Noise is a major workplace health and safety hazard. We are exposed to noise every day at work and at leisure, some of which has the potential to damage our hearing. Excessive amounts of noise may cause temporary or even permanent hearing loss. Hearing loss develops gradually and painlessly which is why we tend not to notice it until it is too late.
The degree of hearing loss that occurs is dependent on how loud the noise is, how long someone is exposed to it and, to some extent, individual susceptibility. Long term exposure to loud noise is the most common preventable cause of hearing loss.
Apart from damage of hearing other associated effects of excessive noise can be: disturb sleep, cause fatigue and aggression, reduce immune response, lead to heart disease, interfere with concentration and thought processes.
Hearing Loss in Australia Stats
- around 3.6 million Australians suffer from hearing loss (Australian Government - Department of Health)
- more than 1.3 million Australians live with a hearing condition that could have been prevented (Australian Government - Department of Health)
- Noise-Induced Hearing Loss (NIHL) is an issue that accounts for 37% of all hearing loss
- 4,700 claims are made each year for noise-induced hearing loss (safe work australia)
How many decibels are too loud?
Sound is measured in decibels (dB). For example, a normal conversation you have with someone sitting next to you is about 60 decibels. When it comes to noise, the louder the sound, the less time it takes for that sound to cause hearing loss.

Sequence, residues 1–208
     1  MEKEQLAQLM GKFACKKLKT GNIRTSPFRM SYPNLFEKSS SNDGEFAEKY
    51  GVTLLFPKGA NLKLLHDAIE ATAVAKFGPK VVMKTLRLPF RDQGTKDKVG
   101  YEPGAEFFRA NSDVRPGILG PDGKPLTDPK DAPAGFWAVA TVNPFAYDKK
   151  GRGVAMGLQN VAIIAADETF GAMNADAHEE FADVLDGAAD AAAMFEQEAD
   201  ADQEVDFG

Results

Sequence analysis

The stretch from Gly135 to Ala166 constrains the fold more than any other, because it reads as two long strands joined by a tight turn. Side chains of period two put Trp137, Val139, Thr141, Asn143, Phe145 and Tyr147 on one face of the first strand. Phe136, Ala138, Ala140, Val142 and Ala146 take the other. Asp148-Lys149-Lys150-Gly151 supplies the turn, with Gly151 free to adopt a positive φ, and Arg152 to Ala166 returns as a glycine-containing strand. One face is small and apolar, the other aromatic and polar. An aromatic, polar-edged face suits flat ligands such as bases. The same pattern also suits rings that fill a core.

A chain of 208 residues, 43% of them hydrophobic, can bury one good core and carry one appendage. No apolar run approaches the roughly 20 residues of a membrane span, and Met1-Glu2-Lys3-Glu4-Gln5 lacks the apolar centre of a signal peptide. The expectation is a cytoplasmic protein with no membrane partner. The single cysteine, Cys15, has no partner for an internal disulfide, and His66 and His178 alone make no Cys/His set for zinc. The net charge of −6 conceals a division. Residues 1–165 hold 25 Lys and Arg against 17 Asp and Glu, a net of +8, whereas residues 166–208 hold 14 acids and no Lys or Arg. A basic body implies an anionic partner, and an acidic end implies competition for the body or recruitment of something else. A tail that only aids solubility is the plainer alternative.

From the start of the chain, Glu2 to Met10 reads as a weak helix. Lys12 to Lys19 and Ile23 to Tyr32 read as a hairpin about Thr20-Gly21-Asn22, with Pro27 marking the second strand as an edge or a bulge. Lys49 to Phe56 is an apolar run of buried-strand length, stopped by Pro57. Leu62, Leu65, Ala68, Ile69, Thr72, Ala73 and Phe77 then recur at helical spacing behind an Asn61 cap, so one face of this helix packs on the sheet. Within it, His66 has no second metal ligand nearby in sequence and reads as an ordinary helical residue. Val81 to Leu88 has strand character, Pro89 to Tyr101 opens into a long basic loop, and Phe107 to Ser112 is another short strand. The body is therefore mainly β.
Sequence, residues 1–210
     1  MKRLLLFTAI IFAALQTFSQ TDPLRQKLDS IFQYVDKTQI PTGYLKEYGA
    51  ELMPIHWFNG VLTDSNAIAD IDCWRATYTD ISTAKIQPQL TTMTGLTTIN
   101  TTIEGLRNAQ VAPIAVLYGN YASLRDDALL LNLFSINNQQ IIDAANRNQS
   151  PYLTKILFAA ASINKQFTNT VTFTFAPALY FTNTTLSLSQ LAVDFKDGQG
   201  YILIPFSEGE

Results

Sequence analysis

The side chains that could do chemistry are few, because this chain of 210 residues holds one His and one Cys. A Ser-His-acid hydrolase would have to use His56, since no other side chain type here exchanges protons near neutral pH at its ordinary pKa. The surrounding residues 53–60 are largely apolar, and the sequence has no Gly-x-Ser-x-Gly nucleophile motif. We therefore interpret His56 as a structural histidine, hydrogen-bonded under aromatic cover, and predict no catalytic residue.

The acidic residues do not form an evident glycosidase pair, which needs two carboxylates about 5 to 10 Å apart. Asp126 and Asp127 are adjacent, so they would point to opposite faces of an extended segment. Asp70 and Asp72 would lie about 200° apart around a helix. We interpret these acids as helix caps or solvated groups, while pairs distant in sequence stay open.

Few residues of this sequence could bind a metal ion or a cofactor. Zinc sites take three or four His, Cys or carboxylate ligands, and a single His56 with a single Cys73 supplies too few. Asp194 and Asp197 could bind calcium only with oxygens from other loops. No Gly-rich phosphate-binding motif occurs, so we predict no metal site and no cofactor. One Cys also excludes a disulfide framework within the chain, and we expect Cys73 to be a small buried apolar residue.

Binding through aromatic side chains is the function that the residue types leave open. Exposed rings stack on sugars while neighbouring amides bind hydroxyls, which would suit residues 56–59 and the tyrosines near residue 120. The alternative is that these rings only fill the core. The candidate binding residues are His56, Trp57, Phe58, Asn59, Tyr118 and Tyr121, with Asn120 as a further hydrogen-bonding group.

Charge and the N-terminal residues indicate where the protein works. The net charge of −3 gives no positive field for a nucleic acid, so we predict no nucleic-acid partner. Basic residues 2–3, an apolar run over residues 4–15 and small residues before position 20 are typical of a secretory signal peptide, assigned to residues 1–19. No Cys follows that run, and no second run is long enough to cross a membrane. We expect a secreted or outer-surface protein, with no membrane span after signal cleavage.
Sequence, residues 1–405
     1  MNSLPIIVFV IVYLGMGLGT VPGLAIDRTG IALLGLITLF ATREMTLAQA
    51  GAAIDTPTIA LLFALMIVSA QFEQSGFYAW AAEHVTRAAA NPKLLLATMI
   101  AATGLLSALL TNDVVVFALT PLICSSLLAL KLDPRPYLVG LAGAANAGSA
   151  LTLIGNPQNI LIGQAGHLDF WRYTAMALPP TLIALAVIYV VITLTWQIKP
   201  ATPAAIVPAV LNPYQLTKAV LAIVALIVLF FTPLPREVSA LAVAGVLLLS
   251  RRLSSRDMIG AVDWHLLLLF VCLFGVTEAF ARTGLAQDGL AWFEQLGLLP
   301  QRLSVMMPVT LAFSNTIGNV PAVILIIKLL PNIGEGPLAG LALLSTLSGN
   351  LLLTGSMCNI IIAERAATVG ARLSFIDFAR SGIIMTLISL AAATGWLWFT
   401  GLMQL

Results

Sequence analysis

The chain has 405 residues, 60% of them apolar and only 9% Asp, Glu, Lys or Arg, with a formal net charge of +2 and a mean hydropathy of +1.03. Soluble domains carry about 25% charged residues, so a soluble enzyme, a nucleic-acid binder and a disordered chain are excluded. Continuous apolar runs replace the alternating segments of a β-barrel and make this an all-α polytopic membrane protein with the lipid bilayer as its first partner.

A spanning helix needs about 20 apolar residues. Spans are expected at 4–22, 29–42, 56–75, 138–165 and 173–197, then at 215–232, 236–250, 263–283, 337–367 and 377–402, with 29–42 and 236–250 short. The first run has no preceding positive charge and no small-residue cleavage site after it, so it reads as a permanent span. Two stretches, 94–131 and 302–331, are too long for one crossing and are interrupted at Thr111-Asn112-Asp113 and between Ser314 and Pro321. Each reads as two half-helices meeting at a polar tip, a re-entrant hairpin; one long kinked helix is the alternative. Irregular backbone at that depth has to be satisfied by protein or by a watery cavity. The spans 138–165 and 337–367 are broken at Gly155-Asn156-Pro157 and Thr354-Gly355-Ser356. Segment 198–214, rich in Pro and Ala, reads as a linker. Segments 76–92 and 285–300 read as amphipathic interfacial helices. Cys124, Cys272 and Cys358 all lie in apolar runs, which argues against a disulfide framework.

Exposure standard for noise is defined in the WHS Regulations as an LAeq,8h of 85 dB(A) or an LC,peak of 140 dB(C), which protects most but not all people.
LAeq,8h of 85 dB(A) means that over an eight-hour shift a worker can’t be exposed to more than 85 decibels. Whether this is exceeded depends on the level of noise involved and how long a worker is exposed to it.
LCpeak of 140 dB(C) means a worker can’t be exposed to a noise level above 140 decibels. Peak noise levels greater than this usually occur with impact or explosive noise such as sledge-hammering which could cause immediate hearing loss.
Below are some common noise sources and their approximate noise levels and safe exposure limits.
Noise control at your workplace
All Australian States and Territories have laws regulating the exposure of noise at work.
The OHS Regulations have specific requirements for the control of noise above the exposure standard. They set out specified risk control measures, to be used in order. Work through the following list to control noise risks. This is called the hierarchy of control.
1. Eliminating the risk: The most effective control measure is to eliminate the source of noise completely: For example, stop using a noisy machine.
2. Substitution, Isolation or Engineering controls: Minimising the risk, for example using quieter plant or processes
4. Use administrative controls (work systems) to reduce noise exposure. For example, rotate employees between noisy and quiet jobs.
4. Provide hearing protectors: Ear plugs and earmuffs to reduce noise exposure.
Using personal hearing protectors
When all options for eliminating or reducing the noise at the source are exhausted, hearing protection devices such as earplugs or earmuffs should be made available to workers:
- need to be suitable for the nature of the work and any hazard associated with the work
- suitable size and fit and reasonably comfortable for the worker who is to use or wear it
- effectively maintained, repaired and replaced when required, as well as clean, hygienic and in good working order
Everyone’s ear canal is unique — much like a fingerprint. Which is why it’s even more important that you choose adequate and suitable hearing protection that is the correct size to achieve a good fit. uvex offers a complete range of hearing protection to ensure all wearers are able to achieve a fit that’s right for them.
uvex Product Trial Program
Our goal is to work with you together to help reduce injuries and lower your PPE costs. We surround our products with an array of services which support PPE decision makers in selection and safety strategy implementation ensuring that PPE wearers derive maximum benefit in terms of protection and ‘issue free’ wearability.
FIND OUT MORE